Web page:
Social media has revolutionized how people connect over food, creating a new way to recommend restaurants, share recipes, or show off photos of a nice meal. But these open channels can also facilitate food safety misinformation and harmful advice, allowing misleading trends and food safety myths to spread far and wide. 

Food and beverage manufacturers play a direct role in consumer food safety education. Here are some of the biggest food safety myths still alive, and what companies can do to dispel them.  

1. Homemade mayo is as safe as store-bought. 

A prevalent food safety myth suggests making mayonnaise at home is as safe as store-bought versions. This misconception often overlooks how commercial mayonnaise is made with pasteurized eggs and made in strict, sterile manufacturing environments, significantly reducing the risk of foodborne illnesses like Salmonella. Homemade mayo frequently uses raw eggs, which can harbor harmful bacteria if not handled correctly. This TikTok video summarizes the dangers perfectly.  

Why It Matters to Manufacturers: This myth not only puts consumers at risk of potential foodborne pathogens but also diminishes the significance and advantages of commercially produced mayonnaise.  

Manufacturer Solution: To combat this misinformation, food manufacturers should create their own content, taking audiences inside their production facilities to explain why their mayo is so much safer than homemade versions. Consider addressing the role that preservative ingredients in commercially-made mayo play in food safety to address the concerns of consumers weary of complex ingredients.  

2. Washing poultry in the sink gets rid of harmful bacteria. 

Cooking poultry to the appropriate temperature is the only effective method to kill harmful pathogens. Counter to the promise of the myth, washing poultry in home kitchen sinks can actually increase the risk of spreading bacteria like Salmonella and Campylobacter. Rinsing poultry in this manner can actually splash bacteria onto surrounding surfaces, utensils, and other foods, leading to cross-contamination.  

Why It Matters to Manufacturers: If consumers acquire a foodborne illness from incorrectly washing products, it can tarnish the reputation of the poultry producer.  

Manufacturer Solution: The most direct way for manufacturers to counter this myth is on their packaging. Add large warnings to poultry packaging not to wash products in the sink, and reiterate the importance of proper cooking to kill bacteria. Consider including a QR code that links to USDA or other resources about the dangers of washing poultry. 

3. Soak fruits and vegetables in a wash before consuming. 

A common food safety myth is that soaking fruits and vegetables in a special wash or homemade solution is enough to remove harmful contaminants, but this isn’t entirely accurate. While rinsing fresh produce under running water can reduce some bacteria and residues, soaking solutions carry the risk of cross-contamination if the wash water becomes contaminated. The FDA recommends simply rinsing fruits and vegetables under running water and using a brush for firm produce.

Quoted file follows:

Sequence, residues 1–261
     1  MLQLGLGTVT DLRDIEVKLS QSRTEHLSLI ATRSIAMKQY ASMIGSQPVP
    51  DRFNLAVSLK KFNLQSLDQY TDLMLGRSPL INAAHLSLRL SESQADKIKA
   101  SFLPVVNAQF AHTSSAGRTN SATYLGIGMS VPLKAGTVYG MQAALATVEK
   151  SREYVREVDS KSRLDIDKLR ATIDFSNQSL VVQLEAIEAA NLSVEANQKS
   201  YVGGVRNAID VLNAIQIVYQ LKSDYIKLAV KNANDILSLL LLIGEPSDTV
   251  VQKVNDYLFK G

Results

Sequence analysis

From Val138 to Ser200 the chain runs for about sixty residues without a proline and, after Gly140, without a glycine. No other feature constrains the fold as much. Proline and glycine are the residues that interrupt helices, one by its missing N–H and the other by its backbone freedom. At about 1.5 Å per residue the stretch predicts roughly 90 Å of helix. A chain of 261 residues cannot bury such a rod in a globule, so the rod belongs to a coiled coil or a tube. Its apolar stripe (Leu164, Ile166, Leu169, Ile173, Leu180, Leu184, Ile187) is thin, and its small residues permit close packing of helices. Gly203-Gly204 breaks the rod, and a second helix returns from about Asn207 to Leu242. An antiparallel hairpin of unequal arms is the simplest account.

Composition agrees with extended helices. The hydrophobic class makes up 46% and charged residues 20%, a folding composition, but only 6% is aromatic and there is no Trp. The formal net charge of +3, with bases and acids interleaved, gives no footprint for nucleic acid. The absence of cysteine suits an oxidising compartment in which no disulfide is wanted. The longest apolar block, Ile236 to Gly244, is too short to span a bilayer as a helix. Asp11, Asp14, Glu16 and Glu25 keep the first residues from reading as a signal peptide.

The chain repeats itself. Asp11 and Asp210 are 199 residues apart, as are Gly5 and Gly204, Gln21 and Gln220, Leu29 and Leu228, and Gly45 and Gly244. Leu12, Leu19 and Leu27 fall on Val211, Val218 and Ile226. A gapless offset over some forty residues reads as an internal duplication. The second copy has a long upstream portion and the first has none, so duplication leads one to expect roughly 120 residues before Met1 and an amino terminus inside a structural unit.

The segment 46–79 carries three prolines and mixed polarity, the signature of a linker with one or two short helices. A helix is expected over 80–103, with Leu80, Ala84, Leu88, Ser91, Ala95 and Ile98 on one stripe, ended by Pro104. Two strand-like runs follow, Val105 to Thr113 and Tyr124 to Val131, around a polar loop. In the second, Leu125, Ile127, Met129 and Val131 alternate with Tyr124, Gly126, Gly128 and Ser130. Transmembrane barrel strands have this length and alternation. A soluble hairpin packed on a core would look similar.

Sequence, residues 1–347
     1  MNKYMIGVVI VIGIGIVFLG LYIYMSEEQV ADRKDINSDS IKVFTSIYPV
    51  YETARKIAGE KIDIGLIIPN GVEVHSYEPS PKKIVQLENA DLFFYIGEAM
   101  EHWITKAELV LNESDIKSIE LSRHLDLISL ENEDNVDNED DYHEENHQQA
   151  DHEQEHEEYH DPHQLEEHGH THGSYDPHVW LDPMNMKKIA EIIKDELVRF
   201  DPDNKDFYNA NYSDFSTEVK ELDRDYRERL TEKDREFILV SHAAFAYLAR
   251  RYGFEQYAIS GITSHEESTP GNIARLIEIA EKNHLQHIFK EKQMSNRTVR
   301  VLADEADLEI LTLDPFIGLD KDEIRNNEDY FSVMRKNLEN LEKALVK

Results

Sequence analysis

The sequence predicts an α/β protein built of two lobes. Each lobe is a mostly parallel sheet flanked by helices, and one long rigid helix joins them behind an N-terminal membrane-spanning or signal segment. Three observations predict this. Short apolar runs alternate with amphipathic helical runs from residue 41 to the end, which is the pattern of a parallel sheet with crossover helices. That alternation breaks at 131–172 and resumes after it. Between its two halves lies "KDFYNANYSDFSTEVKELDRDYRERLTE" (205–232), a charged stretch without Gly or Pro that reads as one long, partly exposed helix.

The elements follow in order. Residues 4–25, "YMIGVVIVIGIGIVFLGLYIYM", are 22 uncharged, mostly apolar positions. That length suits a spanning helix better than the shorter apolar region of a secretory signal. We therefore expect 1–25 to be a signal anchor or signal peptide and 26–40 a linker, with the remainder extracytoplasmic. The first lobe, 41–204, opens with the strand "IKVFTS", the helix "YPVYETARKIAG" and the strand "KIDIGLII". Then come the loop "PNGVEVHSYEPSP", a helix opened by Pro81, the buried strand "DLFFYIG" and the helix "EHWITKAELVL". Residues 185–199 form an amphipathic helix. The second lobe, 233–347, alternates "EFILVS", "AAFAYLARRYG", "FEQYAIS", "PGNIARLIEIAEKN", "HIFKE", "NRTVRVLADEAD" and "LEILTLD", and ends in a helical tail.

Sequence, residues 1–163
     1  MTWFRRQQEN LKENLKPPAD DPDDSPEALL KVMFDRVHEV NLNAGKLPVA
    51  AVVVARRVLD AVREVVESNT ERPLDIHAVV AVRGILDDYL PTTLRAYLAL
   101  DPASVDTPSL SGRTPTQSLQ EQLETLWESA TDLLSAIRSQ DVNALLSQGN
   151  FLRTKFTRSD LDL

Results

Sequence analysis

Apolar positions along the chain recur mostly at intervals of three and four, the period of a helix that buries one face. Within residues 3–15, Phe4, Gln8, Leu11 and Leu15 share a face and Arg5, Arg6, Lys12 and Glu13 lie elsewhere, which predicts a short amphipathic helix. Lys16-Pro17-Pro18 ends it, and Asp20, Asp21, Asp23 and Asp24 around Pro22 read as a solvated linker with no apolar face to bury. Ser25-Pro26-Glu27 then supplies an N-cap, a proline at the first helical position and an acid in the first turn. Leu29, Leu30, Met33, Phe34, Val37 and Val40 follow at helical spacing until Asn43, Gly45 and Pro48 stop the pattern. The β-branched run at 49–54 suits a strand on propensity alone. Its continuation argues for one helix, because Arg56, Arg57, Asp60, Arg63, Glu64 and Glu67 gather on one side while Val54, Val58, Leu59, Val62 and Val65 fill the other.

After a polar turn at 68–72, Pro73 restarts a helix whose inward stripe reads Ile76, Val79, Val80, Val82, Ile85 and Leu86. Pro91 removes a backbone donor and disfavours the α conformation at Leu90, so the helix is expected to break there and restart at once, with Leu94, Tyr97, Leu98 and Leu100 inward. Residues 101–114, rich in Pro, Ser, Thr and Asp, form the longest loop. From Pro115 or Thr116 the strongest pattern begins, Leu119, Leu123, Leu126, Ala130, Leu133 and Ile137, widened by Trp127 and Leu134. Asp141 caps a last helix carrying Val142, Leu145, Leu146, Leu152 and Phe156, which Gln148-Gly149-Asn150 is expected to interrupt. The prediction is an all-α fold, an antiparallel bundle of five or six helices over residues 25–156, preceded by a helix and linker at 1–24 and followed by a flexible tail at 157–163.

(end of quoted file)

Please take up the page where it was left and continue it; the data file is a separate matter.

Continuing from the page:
Why It Matters to Manufacturers: If consumers think they need a specialized fruit and vegetable wash or complex prepping process before eating, it may dissuade them from purchasing produce.  

Manufacturer Solution: Updating instructions on the product label is the best method to combat this food safety myth. Consider addressing the myth directly on the packaging and outlining proper washing instructions to follow instead. A QR code can link to the FDA’s safe food handling tips for additional info. 

4. Raw cookie dough is unsafe because of raw eggs. 

It makes sense that consumers believe raw cookie dough is unsafe to eat because it contains raw eggs, but this is only a partial truth in the broader context of food safety. It's true that raw eggs can harbor harmful pathogens like Salmonella, but uncooked flour can pose just as much danger. As a raw agricultural product, flour is susceptible to E. coli, salmonella, and other bacteria contamination.  

Why It Matters to Manufacturers: This myth undermines the benefits and importance of safely manufactured cookie dough products made for direct consumption.  

Manufacturer Solution: Similar to mayo, the safest practice is for consumers to purchase cookie dough products specifically designed for consumption. Manufacturers can meet this demand by expanding their product offerings (creating a great revenue opportunity), as well as updating labeling on their flour and raw eggs, reiterating the dangers of eating them raw in cookie dough.  

Mitigating the Risk of Food Safety Myths

For better or worse, social media will continue to wield significant influence on food safety in the coming years, with both truth and misinformation able to go viral at any moment. It’s a double-edged sword that can influence public perception and behavior around food handling and consumption, emphasizing the need for credible sources and informed dialogue.

In this ever-evolving landscape, organizations like AIB International play a vital role in helping manufacturers navigate challenges and mitigate risks. Sign up for our newsletter to stay informed about current trends, regulations, and best practices in food safety. 

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